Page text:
Electronic Thesis and Dissertation Repository

Thesis Format



Master of Engineering Science


Mechanical and Materials Engineering


Christopher T. DeGroot


The breakdown of nutrients in biological processes in wastewater treatment require a sub- stantial amount of energy, contributing to greater greenhouse gas (GHG) emissions. Floc- culation can be used to reduce the loading on a biological process by increasing removals during primary treatment in devices such as a rotating belt filter (RBF). The relationship between shear conditions, defined by velocity gradients (G-values) and floc size is crucial. Understanding G-value magnitudes and distributions within an RBF, corresponding trans- port network, and the effects on floc size degradation are needed to maximize removals. G-values were calculated using a newly developed approach, improving accuracy com- pared to traditional expressions. Floc strength was quantified at calculated G-value ranges, where flocs were found to resist breakage as G-values increased. The effects of varying PSD on RBF modelling constants were explored, where a strong response to PSD size fractions at or above the nominal pore size of the filter was found.

Summary for Lay Audience

Wastewater treatment is an essential service needed to remove pollutants from our water system. Wastewater treatment plants (WWTP) remove pollution in stages. The first stage removes large items such as, sticks, leaves, cooking grease, etc. Next, biological treatment is done to remove nutrients such as, phosphorous and nitrogen. These biological process require a lot of energy to be completed. In order to meet these increased energy demands more energy needs to be generated resulting in more greenhouse gases being produced.

Reducing the load placed on these biological treatment operations can reduce the overall energy consumption of a WWTP. This can be accomplished by increasing removals during primary treatment. One method to increase removals in primary treatment is to use a process known as flocculation. Flocculation involves the addition of coagulants and flocculants (chemical additives) to bring smaller particles together forming large clusters referred to as flocs. This grouping of particles is referred to as a shift in the particle size distribution (PSD).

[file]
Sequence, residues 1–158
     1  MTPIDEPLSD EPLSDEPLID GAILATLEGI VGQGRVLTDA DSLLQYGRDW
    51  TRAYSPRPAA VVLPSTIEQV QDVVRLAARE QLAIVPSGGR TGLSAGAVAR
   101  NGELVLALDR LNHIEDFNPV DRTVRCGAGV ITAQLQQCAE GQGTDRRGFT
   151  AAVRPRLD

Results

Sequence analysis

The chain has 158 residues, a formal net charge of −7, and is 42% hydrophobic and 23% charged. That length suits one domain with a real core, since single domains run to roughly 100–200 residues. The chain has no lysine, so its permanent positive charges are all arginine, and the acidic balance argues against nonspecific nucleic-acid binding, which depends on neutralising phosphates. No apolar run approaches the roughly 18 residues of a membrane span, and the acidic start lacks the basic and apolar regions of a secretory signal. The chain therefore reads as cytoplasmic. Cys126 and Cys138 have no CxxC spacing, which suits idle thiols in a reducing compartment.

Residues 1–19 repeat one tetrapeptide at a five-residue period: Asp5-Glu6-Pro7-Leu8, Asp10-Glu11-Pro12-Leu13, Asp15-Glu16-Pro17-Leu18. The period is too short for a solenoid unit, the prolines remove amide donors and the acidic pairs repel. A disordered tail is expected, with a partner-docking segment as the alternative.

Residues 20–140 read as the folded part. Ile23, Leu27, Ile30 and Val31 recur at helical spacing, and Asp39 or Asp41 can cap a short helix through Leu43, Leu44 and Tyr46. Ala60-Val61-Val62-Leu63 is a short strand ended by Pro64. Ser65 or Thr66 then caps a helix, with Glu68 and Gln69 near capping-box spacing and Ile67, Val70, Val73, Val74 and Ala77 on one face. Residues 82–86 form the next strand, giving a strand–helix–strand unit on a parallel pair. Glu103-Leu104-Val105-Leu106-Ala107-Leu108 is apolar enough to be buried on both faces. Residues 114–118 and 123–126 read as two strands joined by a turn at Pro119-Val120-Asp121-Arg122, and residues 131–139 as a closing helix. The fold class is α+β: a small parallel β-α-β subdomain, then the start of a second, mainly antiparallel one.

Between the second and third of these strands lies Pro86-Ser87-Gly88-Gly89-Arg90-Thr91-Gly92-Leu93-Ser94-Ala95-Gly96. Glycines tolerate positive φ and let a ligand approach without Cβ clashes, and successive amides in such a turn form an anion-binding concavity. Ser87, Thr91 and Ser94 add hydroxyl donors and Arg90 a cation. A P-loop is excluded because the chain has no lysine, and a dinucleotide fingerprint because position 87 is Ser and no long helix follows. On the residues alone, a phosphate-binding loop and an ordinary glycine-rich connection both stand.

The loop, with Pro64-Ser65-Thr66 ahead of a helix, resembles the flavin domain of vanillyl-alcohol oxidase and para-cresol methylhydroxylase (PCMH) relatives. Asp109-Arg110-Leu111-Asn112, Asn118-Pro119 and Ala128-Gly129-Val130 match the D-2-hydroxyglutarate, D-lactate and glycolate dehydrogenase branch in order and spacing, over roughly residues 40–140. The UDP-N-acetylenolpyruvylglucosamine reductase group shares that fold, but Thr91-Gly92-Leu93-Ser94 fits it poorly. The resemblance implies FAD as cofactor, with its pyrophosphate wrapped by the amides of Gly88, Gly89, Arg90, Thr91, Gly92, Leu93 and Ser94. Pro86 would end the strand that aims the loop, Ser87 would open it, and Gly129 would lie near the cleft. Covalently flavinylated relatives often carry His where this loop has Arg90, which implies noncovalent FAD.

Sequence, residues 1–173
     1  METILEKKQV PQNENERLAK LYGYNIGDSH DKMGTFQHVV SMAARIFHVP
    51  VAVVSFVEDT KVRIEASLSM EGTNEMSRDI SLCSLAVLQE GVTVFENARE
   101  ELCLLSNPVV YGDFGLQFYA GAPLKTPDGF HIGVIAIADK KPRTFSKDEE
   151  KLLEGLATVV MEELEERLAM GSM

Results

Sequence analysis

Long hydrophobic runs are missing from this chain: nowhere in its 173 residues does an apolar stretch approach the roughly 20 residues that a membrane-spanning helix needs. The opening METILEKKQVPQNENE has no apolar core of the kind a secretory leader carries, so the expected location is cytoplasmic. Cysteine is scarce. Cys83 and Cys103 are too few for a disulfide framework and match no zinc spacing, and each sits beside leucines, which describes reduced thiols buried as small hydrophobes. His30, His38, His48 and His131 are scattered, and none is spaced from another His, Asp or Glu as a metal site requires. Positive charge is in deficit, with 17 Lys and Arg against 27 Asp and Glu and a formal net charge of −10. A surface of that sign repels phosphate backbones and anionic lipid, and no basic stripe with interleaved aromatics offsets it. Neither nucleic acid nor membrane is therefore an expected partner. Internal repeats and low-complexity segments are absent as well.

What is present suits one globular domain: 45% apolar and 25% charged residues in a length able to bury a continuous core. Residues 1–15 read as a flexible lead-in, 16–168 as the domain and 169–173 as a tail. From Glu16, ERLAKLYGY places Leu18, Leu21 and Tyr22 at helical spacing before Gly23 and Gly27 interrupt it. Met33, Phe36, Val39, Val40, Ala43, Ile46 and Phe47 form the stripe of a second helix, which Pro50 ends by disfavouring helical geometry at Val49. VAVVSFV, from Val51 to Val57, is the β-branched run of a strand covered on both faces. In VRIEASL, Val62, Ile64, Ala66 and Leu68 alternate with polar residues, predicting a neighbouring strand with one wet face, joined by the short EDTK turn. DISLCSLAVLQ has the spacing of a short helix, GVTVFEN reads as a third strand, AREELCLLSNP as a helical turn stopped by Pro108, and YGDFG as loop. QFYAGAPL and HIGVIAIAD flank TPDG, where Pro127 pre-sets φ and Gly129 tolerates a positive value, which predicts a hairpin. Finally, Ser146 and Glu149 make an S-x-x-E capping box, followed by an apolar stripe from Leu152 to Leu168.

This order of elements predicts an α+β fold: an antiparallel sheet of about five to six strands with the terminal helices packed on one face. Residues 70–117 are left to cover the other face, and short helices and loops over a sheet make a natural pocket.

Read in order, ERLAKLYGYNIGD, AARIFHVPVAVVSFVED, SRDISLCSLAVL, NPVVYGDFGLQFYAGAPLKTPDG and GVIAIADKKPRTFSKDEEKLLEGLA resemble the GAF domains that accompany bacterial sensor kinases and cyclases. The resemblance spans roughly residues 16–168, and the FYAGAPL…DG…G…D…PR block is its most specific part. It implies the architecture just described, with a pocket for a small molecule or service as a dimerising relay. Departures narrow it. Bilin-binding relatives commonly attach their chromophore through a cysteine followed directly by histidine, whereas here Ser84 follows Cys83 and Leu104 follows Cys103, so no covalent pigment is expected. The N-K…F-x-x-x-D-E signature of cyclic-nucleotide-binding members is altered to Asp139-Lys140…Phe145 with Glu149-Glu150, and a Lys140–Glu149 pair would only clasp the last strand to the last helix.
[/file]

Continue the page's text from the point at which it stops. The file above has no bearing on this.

As flocs are transported from the mixing vessel where they are grown to their respective removal device the shear conditions within the fluid can cause the flocs to break. To estimate the amount of breakage we can calculate the velocity gradients, referred to as G-values, within a geometry of interest. Current methods for calculating G-values have been found to have limited applicability to the small volume open system nature of pipe network geometries used with an RBF. Additionally, there is limited literature regarding the strength of flocs formed from primary influent.

The research presented herein will evaluate the G-value distributions within pipe network geometries where G-values are predicted to be large. The strength of flocs formed from primary influent will presented with respect to G-values found in pipe network components. Finally, the effects that varying PSD has on numerical modelling constants used to simulate flow through an RBF will be explored with the goal to be able to model the effects of flocculation inside an RBF and the impact it has on performance.